Hydrangeas love the warm morning sun, but they dislike the heat of the afternoon. The best place to plant hydrangeas is in a sheltered location with sunny mornings and shady afternoons. You often find this on the north or south side of your home. Avoid planting directly underneath trees, which can lead to competition for water and nutrients. High winds can rip and damage leaves and destroy the flowers.
Hydrangeas grow well in soil containing an abundance of organic material. Good drainage is vital. While hydrangeas like moist soil, they cannot tolerate being waterlogged. Soggy, poor draining soils can cause root rot. In just a few weeks, your hydrangeas can quickly die. If you have heavy soil, consider mixing in plenty of compost prior to planting to improve soil quality.
Where to plant hydrangeas:
Keep reading for some suggestions on how to find the right spot for planting your hydrangea.
- In general, the best location for a hydrangea is a spot in your garden that receives morning sun and afternoon shade. If you live further north, hydrangeas will tolerate more sun (possibly even full sun all day).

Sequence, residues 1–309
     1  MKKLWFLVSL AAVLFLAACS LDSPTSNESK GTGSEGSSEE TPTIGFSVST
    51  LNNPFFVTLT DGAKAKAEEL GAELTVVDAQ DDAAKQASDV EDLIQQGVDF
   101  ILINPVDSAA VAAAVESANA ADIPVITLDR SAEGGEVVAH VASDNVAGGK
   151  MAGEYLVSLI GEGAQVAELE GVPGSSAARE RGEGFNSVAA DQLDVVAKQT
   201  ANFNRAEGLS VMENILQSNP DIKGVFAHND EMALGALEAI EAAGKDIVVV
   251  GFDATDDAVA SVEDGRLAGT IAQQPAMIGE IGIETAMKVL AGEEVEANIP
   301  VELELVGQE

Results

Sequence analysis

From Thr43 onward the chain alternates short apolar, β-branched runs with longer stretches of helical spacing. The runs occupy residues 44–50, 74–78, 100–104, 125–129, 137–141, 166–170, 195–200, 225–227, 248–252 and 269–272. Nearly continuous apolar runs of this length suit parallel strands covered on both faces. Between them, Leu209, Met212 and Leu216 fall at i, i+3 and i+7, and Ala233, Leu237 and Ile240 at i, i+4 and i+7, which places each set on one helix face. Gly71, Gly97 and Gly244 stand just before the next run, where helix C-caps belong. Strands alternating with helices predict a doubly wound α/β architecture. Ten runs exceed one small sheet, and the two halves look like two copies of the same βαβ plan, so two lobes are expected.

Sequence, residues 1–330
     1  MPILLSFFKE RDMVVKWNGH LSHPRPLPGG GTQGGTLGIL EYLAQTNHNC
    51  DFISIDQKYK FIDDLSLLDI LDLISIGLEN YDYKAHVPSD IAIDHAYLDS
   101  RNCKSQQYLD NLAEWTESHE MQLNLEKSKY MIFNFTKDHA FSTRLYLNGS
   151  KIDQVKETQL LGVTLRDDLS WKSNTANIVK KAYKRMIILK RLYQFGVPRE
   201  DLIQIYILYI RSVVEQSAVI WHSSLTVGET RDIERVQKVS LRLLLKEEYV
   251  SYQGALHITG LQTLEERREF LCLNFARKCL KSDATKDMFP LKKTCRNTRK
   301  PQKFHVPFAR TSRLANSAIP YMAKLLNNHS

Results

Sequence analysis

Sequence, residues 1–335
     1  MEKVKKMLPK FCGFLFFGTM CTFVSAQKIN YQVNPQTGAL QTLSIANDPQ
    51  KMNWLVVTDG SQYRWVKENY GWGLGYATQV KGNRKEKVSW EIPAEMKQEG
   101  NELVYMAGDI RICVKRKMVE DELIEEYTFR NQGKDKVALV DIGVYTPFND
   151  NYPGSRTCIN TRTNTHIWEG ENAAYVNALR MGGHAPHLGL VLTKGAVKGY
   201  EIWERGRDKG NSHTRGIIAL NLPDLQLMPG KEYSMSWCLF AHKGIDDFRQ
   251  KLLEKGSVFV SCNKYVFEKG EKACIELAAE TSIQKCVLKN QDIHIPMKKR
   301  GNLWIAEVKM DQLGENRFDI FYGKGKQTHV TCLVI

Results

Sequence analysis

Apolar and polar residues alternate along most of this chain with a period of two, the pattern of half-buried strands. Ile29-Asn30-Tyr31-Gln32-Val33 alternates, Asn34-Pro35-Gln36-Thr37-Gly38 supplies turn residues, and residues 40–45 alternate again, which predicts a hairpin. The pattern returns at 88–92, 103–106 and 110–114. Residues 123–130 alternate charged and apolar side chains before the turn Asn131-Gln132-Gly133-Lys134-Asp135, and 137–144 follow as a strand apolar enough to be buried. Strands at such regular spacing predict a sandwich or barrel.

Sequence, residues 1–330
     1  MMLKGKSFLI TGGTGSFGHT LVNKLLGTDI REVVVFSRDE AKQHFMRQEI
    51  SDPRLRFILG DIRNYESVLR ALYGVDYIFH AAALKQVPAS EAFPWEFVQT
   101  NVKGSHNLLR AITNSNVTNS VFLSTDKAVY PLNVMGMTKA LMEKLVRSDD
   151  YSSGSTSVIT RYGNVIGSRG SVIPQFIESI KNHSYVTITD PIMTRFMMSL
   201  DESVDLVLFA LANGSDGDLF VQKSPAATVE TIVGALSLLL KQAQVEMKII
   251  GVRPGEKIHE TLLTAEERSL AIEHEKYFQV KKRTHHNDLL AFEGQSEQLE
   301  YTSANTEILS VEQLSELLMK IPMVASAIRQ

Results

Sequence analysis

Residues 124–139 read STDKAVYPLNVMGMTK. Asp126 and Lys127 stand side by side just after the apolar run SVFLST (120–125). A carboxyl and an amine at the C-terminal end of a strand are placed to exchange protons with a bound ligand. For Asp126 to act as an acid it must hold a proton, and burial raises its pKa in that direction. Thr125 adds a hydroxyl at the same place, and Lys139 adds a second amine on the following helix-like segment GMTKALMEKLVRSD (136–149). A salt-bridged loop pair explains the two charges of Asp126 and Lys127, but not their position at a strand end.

- Make sure to account for the mature size of the hydrangea when selecting a spot for planting—give your plant plenty of room to grow.
- Pick an area of your garden that has excellent drainage. Amend the soil with compost if necessary.
- Do not plant hydrangeas beneath a tree—the root competition and lack of sunlight will prevent them from thriving.
- Avoid planting hydrangeas in exposed areas where gusty winds could snap stems.
One hydrangea can turn into many through simple propagation techniques. Bigleaf and panicle hydrangeas are best propagated through layering in early to mid-summer. All you have to do is:
- Dig a small trench near your hydrangea plant.
- Bend a branch down to the trench so it touches the soil in the middle of the branch (six to 12 inches of branch should extend past the trench).
- Make scratches in the bark where the branch touches the trench soil.
- Fill in the trench and place a paver, brick or stone on top.
- With time, the branch will form its own root system and may be transplanted to a new location.